STUB (YEAH, I’M MAKING LOTS OF THESE) TO REMIND MYSELF TO DO A WRITE-UP.

[h2]Uniform Feature Points[/h2]

Let us imagine that we have a 100x100 meter field and in this field we what there to be, on average, two flowers per meter squared. So we could create an array with 100x100x2 = 20,000 elements to explicitly store the positions of each flower. Using a seeded uniform random number generator we could then fill the array with repeatable coordinates for each. If we were to examine the placement of flowers we would notice that there would be regions with none and areas where they are clummped up.

```
rng.setSeed(someValue);
for(int i=0; i<100*100*2; i++) {
float x = 100*rng.nextFloat();
float y = 100*rng.nextFloat();
doMyFlower(x,y);
}
```

Now if were to examine each square meter (or some other regular chunk) and count the number of flowers it contains, then the “distribution” of the counts approaches the Poisson distribution (Wikipedia, MathWorld).

So instead of precomputing a explicit list of “features”, the space in question can be broken down into parts. For each part one computes a poisson random number to determine the number of features inside it.

```
// From Knuth, reasonable on modern machines for smallish
// means. There are many ways this can be computed.
// eMean = exp(-mean)
public static final int poisson(float eMean)
{
int r = 1;
float t = rng.nextFloat();
while (t > eMean) {
r++;
t *= rng.nextFloat();
}
return r-1;
}
// Sketch below this point
private static final float FLOWER_POWER = (float)Math.exp(-2);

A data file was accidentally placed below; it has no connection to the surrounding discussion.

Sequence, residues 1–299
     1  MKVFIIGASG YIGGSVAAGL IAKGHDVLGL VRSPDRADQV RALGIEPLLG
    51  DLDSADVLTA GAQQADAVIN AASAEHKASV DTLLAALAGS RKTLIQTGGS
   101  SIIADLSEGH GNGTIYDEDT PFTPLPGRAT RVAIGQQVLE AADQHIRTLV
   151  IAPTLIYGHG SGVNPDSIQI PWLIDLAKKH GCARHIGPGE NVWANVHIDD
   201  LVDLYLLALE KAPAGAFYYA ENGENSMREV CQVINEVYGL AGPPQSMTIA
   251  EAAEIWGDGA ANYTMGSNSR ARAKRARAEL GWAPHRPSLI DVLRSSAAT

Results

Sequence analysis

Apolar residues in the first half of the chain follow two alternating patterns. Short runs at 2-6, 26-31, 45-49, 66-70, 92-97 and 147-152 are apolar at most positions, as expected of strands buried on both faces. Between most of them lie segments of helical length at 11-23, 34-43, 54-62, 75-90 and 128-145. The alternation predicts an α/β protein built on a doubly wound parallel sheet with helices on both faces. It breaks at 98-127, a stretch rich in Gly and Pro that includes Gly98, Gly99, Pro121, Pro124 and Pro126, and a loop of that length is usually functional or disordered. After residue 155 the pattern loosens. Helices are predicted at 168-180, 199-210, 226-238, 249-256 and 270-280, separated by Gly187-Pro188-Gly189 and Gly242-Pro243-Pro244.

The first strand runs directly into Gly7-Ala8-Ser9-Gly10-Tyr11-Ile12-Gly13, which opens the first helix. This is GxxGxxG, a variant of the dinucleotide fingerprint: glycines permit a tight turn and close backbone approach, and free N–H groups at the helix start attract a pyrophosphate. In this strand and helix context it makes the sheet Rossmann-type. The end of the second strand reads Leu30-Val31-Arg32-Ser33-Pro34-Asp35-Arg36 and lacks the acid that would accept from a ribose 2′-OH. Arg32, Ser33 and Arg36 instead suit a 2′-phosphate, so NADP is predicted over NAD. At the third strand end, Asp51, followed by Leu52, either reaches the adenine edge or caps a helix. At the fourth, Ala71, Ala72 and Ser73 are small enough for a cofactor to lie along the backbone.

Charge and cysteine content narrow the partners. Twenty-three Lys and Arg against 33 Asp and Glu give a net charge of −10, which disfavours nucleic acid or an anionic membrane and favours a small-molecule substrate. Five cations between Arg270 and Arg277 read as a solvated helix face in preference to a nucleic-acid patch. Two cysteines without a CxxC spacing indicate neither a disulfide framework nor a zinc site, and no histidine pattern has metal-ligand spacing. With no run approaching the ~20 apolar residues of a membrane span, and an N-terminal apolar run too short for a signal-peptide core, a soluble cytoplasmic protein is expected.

private void doSomeCellFlowerThing(...)
{
rng.setSeed(hashOfThisCell);
int num = poisson(FLOWER_POWER);
for(int i=0; i<num; i++) {
// coordinates local to the square meter in this example
float x = rng.nextFloat();
float y = rng.nextFloat();
...
}
}
```

Assuming that the chosen hashing function does a reasonable job, then the “look” of the localized vs. global versions should be similar. Up until now I’ve avoided too much techo-speak but some definitions are required. All of the above `rng.nextFloat()`

calls are assume to return a uniformly distributed random number on `[0,1)`

which is the standard base contract for a uniform floating point result (actually the inclusion/exclusion of the end-points may vary, but I’m assuming the presented). In probability a uniform distribution (Wikipedia, MathWorld) means that all results on the range are equally probable…like in a single fair die roll. So in the examples above the ‘x’ coordinate of each flower is completely independent of ‘y’, which should be expected. Moreover the coordinates of each flower is independent of any other. This leads to the previously mentioned empty and clumpped up areas. This result, like many from probability, is likely to seem counter-intuitive. Most likely “uniform” will tend to invoke notions of uniformly (or evenly) covered areas. This is a radially different notion of uniform as implies that all of the values are related to each other rather than independent. Note that these two different notions of uniform approach one another as the number of features (or event) increase.